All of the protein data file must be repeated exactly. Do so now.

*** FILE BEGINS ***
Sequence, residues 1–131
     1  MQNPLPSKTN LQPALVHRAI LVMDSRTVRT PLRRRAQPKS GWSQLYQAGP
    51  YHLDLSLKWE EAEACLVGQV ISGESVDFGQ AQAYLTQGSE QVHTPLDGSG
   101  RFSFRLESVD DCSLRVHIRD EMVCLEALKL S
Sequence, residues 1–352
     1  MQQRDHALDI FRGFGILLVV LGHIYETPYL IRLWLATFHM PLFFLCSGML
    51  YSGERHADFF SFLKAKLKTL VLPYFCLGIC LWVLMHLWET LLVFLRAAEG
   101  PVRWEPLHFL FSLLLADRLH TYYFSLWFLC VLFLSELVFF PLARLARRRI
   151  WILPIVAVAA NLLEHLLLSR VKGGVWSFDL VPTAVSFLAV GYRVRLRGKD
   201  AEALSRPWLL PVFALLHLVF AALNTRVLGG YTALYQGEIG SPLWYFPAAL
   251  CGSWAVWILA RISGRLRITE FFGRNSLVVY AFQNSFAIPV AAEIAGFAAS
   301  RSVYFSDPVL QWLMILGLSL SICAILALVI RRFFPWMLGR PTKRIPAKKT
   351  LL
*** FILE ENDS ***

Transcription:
Sequence, residues 1–131
     1  MQNPLPSKTN LQPALVHRAI LVMDSRTVRT PLRRRAQPKS GWSQLYQAGP
    51  YHLDLSLKWE EAEACLVGQV ISGESVDFGQ AQAYLTQGSE QVHTPLDGSG
   101  RFSFRLESVD DCSLRVHIRD EMVCLEALKL S
Sequence, residues 1–352
     1  MQQRDHALDI FRGFGILLVV LGHIYETPYL IRLWLATFHM PLFFLCSGML
    51  YSGERHADFF SFLKAKLKTL VLPYFCLGIC LWVLMHLWET LLVFLRAAEG
   101  PVRWEPLHFL FSLLLADRLH TYYFSLWFLC VLFLSELVFF PLARLARRRI
   151  WILPIVAVAA NLLEHLLLSR VKGGVWSFDL VPTAVSFLAV GYRVRLRGKD
   201  AEALSRPWLL PVFALLHLVF AALNTRVLGG YTALYQGEIG SPLWYFPAAL
   251  CGSWAVWILA RISGRLRITE FFGRNSLVVY AFQNSFAIPV AAEIAGFAAS
   301  RSVYFSDPVL QWLMILGLSL SICAILALVI RRFFPWMLGR PTKRIPAKKT
   351  LL